Our patient was eighty-nine-years old with Parkinson’s. Parkinson’s is a progressive, incurable neurologic disease.
For our patient, maybe twenty years ago, it began with a small tremor in his hand. But now it had rendered him helpless. Helpless: completely dependent on others for survival; you can’t feed yourself, clean yourself or move without assistance.
It doesn’t matter if you were once a powerful CEO, or a hard-core individualist—diseases like Parkinson’s don’t discriminate.
The page went out as a “public assist call.” His wife needed our help to lift him off the toilet and back in to his bed.
Let me stop here. If you’re young, busy with life and work and you think, “I don’t want to hear about lifting a patient off a toilet, this has no relevance to me,” please think again.
Why? Each of us, in our turn will likely play one of these roles. We will need to be lifted and cradled like a child, or we will be the care-giver, the lifter, the caller to the fire department because we simply do not have the strength. O’ my friends who believe themselves unique, immortal and indestructible: it’s immutable truth; all living things are vulnerable, even you.
No Exceptions, No One Exempt
When our patient was in his thirties I’m sure he was well over six feet tall. There were pictures of him in the hallway, portraits of an active and vibrant man. He was still taller than me, but now he’d atrophied down to, at best, one hundred pounds.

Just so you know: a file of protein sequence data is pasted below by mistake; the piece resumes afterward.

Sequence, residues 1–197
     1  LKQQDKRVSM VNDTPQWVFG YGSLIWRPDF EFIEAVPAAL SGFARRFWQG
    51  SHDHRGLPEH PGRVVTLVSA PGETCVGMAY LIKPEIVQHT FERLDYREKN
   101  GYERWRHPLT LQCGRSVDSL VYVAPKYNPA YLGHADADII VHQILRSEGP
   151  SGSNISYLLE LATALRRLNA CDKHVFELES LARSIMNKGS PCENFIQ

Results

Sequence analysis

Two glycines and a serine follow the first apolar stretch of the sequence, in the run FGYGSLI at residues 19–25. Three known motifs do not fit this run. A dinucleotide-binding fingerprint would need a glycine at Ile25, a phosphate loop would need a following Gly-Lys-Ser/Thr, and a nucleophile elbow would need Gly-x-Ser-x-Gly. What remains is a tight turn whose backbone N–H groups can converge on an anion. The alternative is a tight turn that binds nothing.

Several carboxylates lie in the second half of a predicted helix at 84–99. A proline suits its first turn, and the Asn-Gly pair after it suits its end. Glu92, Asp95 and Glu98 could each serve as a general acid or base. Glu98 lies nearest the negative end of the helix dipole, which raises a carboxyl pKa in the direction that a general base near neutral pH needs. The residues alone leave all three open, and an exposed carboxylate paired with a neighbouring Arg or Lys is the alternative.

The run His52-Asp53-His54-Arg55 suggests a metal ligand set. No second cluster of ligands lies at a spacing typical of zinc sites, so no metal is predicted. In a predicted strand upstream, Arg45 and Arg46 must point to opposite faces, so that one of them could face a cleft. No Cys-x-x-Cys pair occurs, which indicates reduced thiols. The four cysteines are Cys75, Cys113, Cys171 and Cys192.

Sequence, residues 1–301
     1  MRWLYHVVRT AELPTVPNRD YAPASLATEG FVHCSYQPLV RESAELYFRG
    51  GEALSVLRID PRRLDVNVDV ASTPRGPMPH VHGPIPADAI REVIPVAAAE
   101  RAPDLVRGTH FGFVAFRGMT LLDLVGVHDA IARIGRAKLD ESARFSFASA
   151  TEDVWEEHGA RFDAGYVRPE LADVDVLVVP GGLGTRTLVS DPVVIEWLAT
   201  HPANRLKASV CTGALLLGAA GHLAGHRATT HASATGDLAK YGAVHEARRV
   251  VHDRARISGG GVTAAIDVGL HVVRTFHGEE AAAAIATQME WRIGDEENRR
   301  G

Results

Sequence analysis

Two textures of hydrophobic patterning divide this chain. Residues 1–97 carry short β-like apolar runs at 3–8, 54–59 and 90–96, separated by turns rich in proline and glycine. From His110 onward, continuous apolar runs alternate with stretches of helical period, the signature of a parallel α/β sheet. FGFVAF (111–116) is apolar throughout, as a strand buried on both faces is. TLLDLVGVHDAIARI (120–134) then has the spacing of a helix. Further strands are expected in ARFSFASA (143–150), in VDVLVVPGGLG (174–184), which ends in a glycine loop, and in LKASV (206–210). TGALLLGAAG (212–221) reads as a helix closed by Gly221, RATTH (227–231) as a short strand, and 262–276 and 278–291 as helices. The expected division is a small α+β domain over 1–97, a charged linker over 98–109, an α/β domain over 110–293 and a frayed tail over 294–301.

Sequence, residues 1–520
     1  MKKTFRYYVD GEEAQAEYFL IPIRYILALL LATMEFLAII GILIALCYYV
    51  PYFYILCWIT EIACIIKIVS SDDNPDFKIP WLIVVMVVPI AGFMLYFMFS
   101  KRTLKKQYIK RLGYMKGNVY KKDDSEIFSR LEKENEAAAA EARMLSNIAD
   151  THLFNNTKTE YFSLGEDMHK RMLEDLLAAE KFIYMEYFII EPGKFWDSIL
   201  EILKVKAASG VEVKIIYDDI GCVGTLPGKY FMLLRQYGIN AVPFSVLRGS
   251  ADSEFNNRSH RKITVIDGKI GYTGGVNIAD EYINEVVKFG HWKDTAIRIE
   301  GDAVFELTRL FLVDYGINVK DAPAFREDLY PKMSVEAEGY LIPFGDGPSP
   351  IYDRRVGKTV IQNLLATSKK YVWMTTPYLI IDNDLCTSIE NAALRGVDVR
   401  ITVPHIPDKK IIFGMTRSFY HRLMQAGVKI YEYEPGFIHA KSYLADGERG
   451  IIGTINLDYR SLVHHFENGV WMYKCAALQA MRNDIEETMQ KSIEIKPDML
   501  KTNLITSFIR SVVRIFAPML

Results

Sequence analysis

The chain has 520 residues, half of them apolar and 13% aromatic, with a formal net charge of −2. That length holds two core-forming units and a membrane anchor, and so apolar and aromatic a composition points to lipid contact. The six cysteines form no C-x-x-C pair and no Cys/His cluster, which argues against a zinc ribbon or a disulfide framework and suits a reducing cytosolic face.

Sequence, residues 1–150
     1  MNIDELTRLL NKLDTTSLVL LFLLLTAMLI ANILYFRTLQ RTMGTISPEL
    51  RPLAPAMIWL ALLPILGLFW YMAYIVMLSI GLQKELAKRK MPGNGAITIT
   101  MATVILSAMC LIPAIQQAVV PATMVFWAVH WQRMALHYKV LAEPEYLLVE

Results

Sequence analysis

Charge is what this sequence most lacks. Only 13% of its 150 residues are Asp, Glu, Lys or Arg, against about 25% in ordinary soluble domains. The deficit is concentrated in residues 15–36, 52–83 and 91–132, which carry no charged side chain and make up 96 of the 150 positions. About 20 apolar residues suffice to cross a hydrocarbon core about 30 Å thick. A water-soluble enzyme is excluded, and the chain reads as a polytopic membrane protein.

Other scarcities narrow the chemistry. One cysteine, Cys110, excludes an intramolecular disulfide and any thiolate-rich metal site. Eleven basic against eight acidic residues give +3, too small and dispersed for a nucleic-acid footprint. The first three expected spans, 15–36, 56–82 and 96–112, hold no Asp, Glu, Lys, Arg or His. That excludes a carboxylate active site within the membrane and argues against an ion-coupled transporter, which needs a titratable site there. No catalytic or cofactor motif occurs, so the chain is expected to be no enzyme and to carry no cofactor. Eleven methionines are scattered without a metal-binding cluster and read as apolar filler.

He had lost control of his bowels and bladder. It’s the natural progression, part of the disease. His wife profusely apologized for the mess and the smell, but we told her there was no need. We should stop pretending. This is who we all will become. We will lose control of our very basic functions, we will cede control of ourselves to others.
He was sitting on the toilet facing us. Our first task was to lift him, turn him and sit him in his wheel chair.
Did you know that we now have archeological evidence that suggests that 40,000 years ago, our ancestral tribes were taking care of the elderly and weak? At first glance, from an evolutionary point of view that doesn’t make sense. Why not cull the weak and injured? But there is a deeper evolutionary drum beat. The impulse to care for the tribe and even the most vulnerable is the glue that allowed us to survive.
We should stop pretending. This is who we all will become.
I squatted down in front of him and lifted his arms around my shoulders. I reached around his back and hugged him. Then I stood up with him in my arms. We stood there for a minute finding our balance, holding on to each other. I murmured the words of every firefighter or medic ever in this situation, “I got you, I’m not going to let you fall.”
His chin was resting on my shoulder, I felt his breath and beard against my neck. My partner that day, Terry, reached in and repeated, “We got you, we’re going to take care of you.”
We gently maneuvered him to his wheelchair and then slowly rolled him down the hall and lifted him into his bed. His wife continued to clean him and thanked us again. He smiled and then closed his eyes and slept.
The Compassion of Human Nature
It’s immutable truth; all living things are vulnerable, even you.